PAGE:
Aspiring healthcare entrepreneurs could be forgiven for assuming our most significant challenge is the need to reduce the cost of care. Investors and policy wonks alike seem to agree on the overriding need to focus on innovations that will improve efficiency and take costs out of the system.
The appeal of this approach is easy to understand: rising healthcare costs are a real problem, and business process improvement feels like something we already know how to do. Large companies like GE and Oracle are thrilled by the opportunity to apply their process methodologies to healthcare. Management journals love the idea of improving healthcare through operational excellence. An increasing number of foundations have also joined the fray, focused explicitly on supporting innovations that reduce the cost of care.
Yet, as much as operational improvements are urgently needed, they should not represent the primary goal of healthcare innovation.
If we’re truly interested in high value healthcare, we’d do well to keep in mind that for many, if not most serious or chronic diseases, at least in the absolute sense, high value care simply isn’t an option. We have embarrassingly few therapeutic approaches that can really do much to restore the lives of these patients. Sufferers afflicted with Alzheimers Disease, pancreatic cancer, brain tumors, and so many other conditions desperately require transformative breakthroughs, not the mucking around the edges that passes for treatment today.
Make no mistake: it’s critical we do the very best we can to provide compassionate, evidence-driven care for patients who are sick right now, and innovations that contribute to the identification and humanistic delivery of the best available care are vitally important.But we must also acknowledge that for many conditions, even the very best options are often tragically limited. We shouldn’t become so obsessed with optimizing these relatively poor choices that we lose sight of the urgent need and opportunity to think about how emerging technologies can be brought to bear to yield truly transformative change, the sort of advances we’ve witnessed in the treatment of diseases like polio and diptheria, hepatitis C and testicular cancer.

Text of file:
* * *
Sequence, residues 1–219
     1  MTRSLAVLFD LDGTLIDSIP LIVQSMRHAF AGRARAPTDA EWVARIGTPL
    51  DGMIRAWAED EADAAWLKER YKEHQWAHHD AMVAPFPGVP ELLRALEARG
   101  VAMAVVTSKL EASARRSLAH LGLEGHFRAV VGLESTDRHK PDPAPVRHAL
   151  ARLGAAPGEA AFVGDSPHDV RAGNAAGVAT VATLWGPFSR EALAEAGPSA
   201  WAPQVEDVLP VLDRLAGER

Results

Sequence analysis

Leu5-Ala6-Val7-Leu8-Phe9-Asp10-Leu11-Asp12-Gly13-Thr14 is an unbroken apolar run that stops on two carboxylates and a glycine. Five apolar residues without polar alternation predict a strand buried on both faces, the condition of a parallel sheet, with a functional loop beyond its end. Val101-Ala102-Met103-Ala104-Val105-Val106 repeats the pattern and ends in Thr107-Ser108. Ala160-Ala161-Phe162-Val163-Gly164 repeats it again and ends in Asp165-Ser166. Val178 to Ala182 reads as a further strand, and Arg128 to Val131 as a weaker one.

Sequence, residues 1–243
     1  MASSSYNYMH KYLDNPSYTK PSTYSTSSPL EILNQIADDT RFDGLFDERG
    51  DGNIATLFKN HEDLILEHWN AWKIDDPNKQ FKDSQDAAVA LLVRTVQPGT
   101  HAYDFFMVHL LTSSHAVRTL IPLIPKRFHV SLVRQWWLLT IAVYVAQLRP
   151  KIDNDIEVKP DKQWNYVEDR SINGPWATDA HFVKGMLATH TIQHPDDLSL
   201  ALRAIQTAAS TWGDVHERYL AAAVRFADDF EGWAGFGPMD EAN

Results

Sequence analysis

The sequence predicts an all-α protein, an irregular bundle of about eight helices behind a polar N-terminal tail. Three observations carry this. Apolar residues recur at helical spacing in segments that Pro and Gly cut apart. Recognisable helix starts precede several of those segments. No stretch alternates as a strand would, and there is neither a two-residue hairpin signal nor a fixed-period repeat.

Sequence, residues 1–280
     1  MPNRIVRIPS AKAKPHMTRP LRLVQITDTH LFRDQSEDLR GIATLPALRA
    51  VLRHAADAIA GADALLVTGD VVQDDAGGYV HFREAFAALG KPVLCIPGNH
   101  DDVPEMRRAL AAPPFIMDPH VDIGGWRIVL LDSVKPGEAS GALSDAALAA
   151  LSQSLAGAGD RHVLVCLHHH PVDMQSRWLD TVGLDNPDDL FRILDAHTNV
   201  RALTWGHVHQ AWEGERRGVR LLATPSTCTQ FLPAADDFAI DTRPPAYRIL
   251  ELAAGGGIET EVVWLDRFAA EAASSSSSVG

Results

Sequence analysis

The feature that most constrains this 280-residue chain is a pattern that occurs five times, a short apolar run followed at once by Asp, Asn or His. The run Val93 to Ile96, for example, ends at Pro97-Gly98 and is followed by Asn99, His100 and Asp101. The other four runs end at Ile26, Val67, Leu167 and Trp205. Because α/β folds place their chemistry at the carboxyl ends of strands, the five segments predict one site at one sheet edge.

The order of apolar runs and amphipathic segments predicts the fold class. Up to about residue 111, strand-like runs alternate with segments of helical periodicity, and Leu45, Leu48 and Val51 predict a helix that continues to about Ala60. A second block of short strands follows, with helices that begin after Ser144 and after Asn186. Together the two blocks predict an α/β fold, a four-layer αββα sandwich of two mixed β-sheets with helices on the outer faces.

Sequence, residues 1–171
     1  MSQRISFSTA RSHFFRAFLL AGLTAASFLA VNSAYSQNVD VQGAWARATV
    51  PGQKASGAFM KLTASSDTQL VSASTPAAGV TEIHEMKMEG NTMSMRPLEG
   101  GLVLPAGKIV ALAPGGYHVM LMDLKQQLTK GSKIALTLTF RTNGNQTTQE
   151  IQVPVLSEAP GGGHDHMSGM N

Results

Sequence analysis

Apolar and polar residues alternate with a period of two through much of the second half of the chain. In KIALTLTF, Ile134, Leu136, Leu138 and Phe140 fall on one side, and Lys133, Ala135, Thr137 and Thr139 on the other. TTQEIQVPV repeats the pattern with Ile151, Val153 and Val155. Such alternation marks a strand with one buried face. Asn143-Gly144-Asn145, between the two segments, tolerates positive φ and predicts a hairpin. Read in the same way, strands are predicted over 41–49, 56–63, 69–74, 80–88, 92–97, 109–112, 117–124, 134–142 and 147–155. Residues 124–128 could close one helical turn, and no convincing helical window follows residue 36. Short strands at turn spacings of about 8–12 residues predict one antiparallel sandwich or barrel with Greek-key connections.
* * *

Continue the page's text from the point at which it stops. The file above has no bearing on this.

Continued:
While healthcare stakeholders universally profess an interest in improving the quality of care, this ambition seems almost universally understood as an effort to reduce bad and ineffective care, rather than improve upon our potential to do good. It’s as if we’ve focused so much on improving the average health of populations we’ve lost sight of the need to improve upon the very best care we can offer to each individual.
Quality improvement shouldn’t only consist of removing the negative, and eliminating what clearly doesn’t work in healthcare; excellence in quality should also require us to continuously ask how we can use emerging technologies to advance the frontiers of knowledge, especially in areas where the very best evidence based-care is clearly not good enough.
There is a silver lining here: even if the initial applications of new healthcare technology seem rather limited, they may yet provide the foundation for more substantive future advances.